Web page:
1 Like

You know, I never actually noticed this before you mentioned this. I actually went and measured the fret sizes just to double ckeck!! Can’t believe it took me so long to pick up on it. Before I picked up bass, I’d actually neglect my 24 fret guitar in favor of the 21 and 22’s because they felt like they had more “room” - now I suspect it was just my fingers noticing that ever so slight difference in the fret sizes across my different guitars (jumbo vs. narrow, etc.)

1 Like

This is a really good point. I think if I know the fingers will overlap and get in each other’s way, I’ll be more conscious to try and use a finger roll or similar. When there is a micro shift coming up, I tend to let these things happen.

Thank you to all for your replies so far!! They are very appreciated!!

1 Like

I think most people have the same confusion there, don’t worry, it’s not just you :slight_smile:

@MikeC made a good point though. While the actual fret positions and sizes do not vary between basses of the same scale, their offset to the left or right does, as the bass hangs on your body. This is also not a difference due to the number of frets, but rather that the entire bridge-nut span can move to the left or right depending on bridge placement on the bass. I have owned basses that I was sure I would love, but actually didn’t at all, because they just felt weird.

Warwick Streamers were that way for me. I love everything about them on paper, but I just hated the way both of mine felt. To me they felt like everything was about 3cm to the left of where it should be.

Bumping an old topic as this is near and dear to me right now.

I love my Corvette $$! I like the woods, I like the design, I like the look, I like the feel, I like the sound, I like the hardware, etc.

But this shift to the left has me wondering if I want to keep it long term or find another #1. :frowning: It was enough of a difference that I definitely found myself reaching in the lower positions. I even posted about struggling with this, as it wound up causing me some wrist pain the way I was playing it.

I think a lot has to do with where the strap button on the horn aligns with the fretboard. Rather than lining up with the 12th fret, it lines up more at the 14th or so. (The Thumb is even worse.) People have gone so far as to fab up horn extensions… not sure I want to go there.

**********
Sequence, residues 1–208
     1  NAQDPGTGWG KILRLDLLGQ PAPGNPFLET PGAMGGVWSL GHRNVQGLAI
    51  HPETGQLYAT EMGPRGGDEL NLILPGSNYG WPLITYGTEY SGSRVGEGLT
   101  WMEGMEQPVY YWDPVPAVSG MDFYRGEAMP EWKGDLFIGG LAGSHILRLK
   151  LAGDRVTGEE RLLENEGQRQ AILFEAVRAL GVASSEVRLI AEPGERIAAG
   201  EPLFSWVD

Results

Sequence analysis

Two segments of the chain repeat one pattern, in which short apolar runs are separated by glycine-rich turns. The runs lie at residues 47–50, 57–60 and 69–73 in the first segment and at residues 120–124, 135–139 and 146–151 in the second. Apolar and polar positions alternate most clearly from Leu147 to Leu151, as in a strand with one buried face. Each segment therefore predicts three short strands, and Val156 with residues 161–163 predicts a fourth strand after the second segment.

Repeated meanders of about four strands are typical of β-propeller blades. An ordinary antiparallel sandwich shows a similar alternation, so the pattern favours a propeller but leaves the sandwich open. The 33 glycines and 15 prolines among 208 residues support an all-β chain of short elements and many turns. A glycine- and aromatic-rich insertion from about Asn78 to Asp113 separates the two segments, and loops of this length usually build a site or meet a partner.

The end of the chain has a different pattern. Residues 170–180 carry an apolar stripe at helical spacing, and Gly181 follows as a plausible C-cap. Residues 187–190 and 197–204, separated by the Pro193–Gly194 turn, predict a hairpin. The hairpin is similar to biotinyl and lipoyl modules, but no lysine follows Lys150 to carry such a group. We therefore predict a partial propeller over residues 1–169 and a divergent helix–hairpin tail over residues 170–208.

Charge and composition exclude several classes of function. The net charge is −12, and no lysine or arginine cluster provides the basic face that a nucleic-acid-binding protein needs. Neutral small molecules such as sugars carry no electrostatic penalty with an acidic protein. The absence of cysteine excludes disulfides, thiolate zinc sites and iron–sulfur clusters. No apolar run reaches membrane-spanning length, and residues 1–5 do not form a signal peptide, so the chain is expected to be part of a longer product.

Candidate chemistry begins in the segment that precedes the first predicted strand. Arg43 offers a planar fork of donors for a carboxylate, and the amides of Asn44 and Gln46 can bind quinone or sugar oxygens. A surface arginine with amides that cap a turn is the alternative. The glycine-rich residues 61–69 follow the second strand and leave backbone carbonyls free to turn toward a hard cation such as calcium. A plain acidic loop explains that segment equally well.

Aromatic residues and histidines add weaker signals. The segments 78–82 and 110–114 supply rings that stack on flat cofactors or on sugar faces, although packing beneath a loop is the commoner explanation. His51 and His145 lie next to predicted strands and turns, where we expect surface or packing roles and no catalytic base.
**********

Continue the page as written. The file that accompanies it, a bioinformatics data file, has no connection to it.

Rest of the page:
I’ve improved the situation by changing how I hold/wear the bass. That was a much needed improvement anyway, and now my J-style bass feels absolutely perfect when I play it that way, LOL. The Warwick is still a little off - I had to lengthen the strap a bit and play it lower in the back and more tilted up than I want to.

So… yeah. sigh

1 Like

It really bummed me out, I wanted to gel with the Warwicks really bad, but that just bugged me.


Funnily enough I’ve found this an issue with my acoustic, but not with my left, fretting hand rather my right, plucking hand.

The bridge on the acoustic is quite some way further to the left as compared to my electric. I don’t find this a problem with my left hand, possibly because they’re both 32" so even shifted left it’s all still reachable. However, my plucking hand on the acoustic keeps ending up really close to the bridge and to get any volume it has to be plucked over the sound hole, and that feels uncomfortably too far to the left.


Same here

1 Like

This is same thing on Spector basses right?

For the Euro LX I would assume so

1 Like

I see what you mean. It’s close enough for me that I could just wing it. I don’t usually look at the fretboard when I play anyways so it doesn’t make a big difference to me. If I need to go up to a specific fret I usually look at the side dot.

It’s a small price to pay for an epic horn, lol. I wish all my Warwicks comes with inlays but only the Katana has an epic one.

1 Like

It’s not so much where it is visually. It’s that it makes the neck stick out that much more to the left which makes it a slightly uncomfortable reach to play in first position vs feeling like it’s in a perfectly comfortable spot.

This isn’t an issue at all if sitting with the bass balanced on my right knee. Just when hanging from the strap. But I usually stand up, or sit so it hangs from the strap.

I keep going back and forth and as of now I’m on the play it and see if I can get used to it train.